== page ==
Remnants of Persian history can be seen throughout the country. We visited Persepolis, a UNESCO World Heritage Site that was once the administrative center of the Achaemenid Empire led by Darius the Great. At the height of the Empire, it spanned 3 continents. Persepolis was built in 520 BC. It served as one of the empire's capitols until it was destroyed in 330BC by Alexander the Great. What remains on the huge site are beautiful carvings and columns. Near the site are amazing tombs carved in the side of cliffs for Darius and his sons. We also went to the tomb of Cyrus the Great. While traveling in Iran you clearly feel that the Persian Empire played a major role in world history and Iranians are deeply proud of this history. Tehran is filled with museums that display great antiquities from Persian history.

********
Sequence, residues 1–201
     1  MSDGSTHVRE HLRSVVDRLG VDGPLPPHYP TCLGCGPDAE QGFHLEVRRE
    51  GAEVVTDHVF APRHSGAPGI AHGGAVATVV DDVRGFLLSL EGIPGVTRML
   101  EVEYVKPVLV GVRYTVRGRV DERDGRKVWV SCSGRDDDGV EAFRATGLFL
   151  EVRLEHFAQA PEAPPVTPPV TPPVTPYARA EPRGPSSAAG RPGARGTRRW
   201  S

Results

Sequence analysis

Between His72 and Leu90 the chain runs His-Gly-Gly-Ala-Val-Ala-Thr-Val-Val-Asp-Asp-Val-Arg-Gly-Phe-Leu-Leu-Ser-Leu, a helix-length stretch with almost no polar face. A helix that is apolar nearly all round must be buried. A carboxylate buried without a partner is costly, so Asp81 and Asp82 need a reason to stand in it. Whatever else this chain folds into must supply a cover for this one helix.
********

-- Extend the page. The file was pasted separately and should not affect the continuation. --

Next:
Although I went to Iran in hopes of learning first hand a lot more about the current political situation, I can't clearly say I know what is going on. As is often true about totalitarian regimes, I may have only seen what they let me see. I was able to put a face on this "not as evil as we hear" empire. I discussed with regular people what they thought was going on. I learned about the economic pain the sanctions bring. I saw that many governments are maintaining relations with Iran even if the US isn't. I can't say I learned much about the new wave of arrests, but I definitely heard that they are used to control the people. I drove by the uranium enrichment site in Natanz that we are hearing so much about and saw many anti aircraft guns that certainly are protecting something. The "strategic" bombing that we hear about would be very difficult since the Revolutionary Guard sets their sites in the middle of major population centers so massive casualties would be a reality of any plan. I personally think that Iran wants a nuclear bomb to get the respect in the region they think they deserve. If they had a bomb the US would not be able to treat them the way it does now and since Persians think they are superior to Arabs they want us to see them that way too. People also constantly reminded us that Iran has never attacked outside its borders before and there is no reason to believe it will do it now.